1. Certainly police felt they were in danger & had to shot this man – BUT after he was shot FIVE TIMES & was down – Why was he SHOT FIVE MORE TIMES??? I agree with one of your readers – “Murder by Cops!”…oh well deadly use of force without accountability; same old same old.

  2. Let’s all hold judgement and not condemn either the cop or the dead man until all the investigation is done, the police pull area security camera tapes for investigation, and a toxicology report comes back. Each business around probably had security cameras and at least one probably got a better angle on this incident. Let’s hope those get released. Also, my guess is that Rodriquez was high on something, likely PCP or even meth (who else shrugs off tasers to the face?). But that’s just a guess. We won’t know until more facts are in. Until, then, let’s all be respectful of the dead man’s family, the cops involved, and each other.

  3. Bean bag shotguns, more officers with tasers and pepper spray instead of guns, the release of police dogs, and perhaps a safer distance of separation between Mr. Rodriguez and the cops- any combination of these suggestions may have brought about a more peaceful resolution to this conflict.

    There must be a better way to deescalate serious situations like this than 10 bullet shots at close range to the chest. A 22 year old college student died in a pool of blood, but, in my opinion, it shouldn’t have ended this way.

    May God bless the family of Mr. Rodriguez and the great City of Monterey Park.

  4. This is a very tragic event and unfortunately a life was loss. I think every police officer has the right to defend his or her life in the line of duty. However, looking at that video, I really feel they didn’t have to kill him.

    I can’t speak on behalf of these police officers, but if they felt their lives were threatened, then so be it. Their lives are always on the line every single day. However, I just feel they should have been better trained. When Rodriguez comes out of the store with a metal pipe, the officers have full justification to draw their guns. However, they shouldn’t have been pointing their guns at him if he (Rodriguez) wasn’t armed himself. The cops lethal force posture should commensurate the situation. The police also shouldn’t have their fingers on the trigger at such close quarters. I understand seconds count but that’s where training is critical. Don’t point unless you intend to shoot/kill the target. It would have been better to release the dog to initiate the “take down” process than giving only verbal commands to a person who clearly wasn’t in a normal state of mind.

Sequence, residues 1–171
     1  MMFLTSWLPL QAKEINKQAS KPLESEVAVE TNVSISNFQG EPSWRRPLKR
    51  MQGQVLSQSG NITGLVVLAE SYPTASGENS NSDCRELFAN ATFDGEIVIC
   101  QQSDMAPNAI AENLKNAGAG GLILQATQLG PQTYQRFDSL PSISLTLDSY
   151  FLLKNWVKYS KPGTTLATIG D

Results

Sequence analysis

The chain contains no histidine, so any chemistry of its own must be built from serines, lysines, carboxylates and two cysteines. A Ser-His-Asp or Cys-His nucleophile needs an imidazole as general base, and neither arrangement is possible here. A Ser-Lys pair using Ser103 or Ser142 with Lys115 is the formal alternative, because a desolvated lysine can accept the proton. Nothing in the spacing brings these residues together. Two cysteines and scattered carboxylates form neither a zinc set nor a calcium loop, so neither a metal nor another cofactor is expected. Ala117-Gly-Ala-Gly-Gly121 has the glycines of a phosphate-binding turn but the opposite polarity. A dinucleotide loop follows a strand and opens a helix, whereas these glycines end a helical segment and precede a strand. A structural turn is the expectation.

If you look at the video the officer who shoots the taser loses his guard by putting his head down (0:41-0:43) while he places his gun in his holster. Not only that, he is still walking TOWARDS Rodriguez, shadowing his partner’s movement. This places the officer much closer to Rodriguez when he (Rodriguez) turns around and raises the metal pipe. The officer looks up, becomes startled, fumbles back, and creates a sense of escalation. Situational awareness goes out the window. Like what so many others have said, I think 10 shots was too much.

    That being said, I think anyone who raises a weapon at a police officer should clearly understand the risks involved. If not, we get tragic events like this one. If people are to blame the police, we must also question why such a young person do a foolish thing like raising a weapon at a police officer. Its more than just about breaking windows. Did Rodriguez’s family ever realize any problems he might of had? Everyone takes responsibility, not just the ones who look bad.

  5. That was murder.

    I hope that cop burns in hell.

  6. Who was the insensitive ass who posted this video of him being killed and LAUGHING about it, like it was a freaking joke?? Regardless if he was in the right or wrong… a family lost a Son, a Brother & Friend and you post a video of people laughing about it… you’ve stooped to a new low on this paper… TAKE THIS VIDEO DOWN, there is a family grieving the loss of a loved one!!!

    1. @Tommy: Reasonable minds can differ. You feel the editors should be ashamed of themselves. In contrast, my take is that despite the insensitive comments, it would be irresponsible for the Alhambra Source to ignore it when posting this story. Plus, if I were a family member, I would prefer to have this video out there for the world to see and judge for themselves, asinine comments or not.

      Writers and editors walk a fine line when choosing to include or exclude facts in a story. In this case, the video is a large part of the story and fills in details a writer could barely explain. As the saying goes, a picture tells a thousand words. A video tells an exponentially greater number. Ultimately, this is news and the video is a big part of the story, like it or not.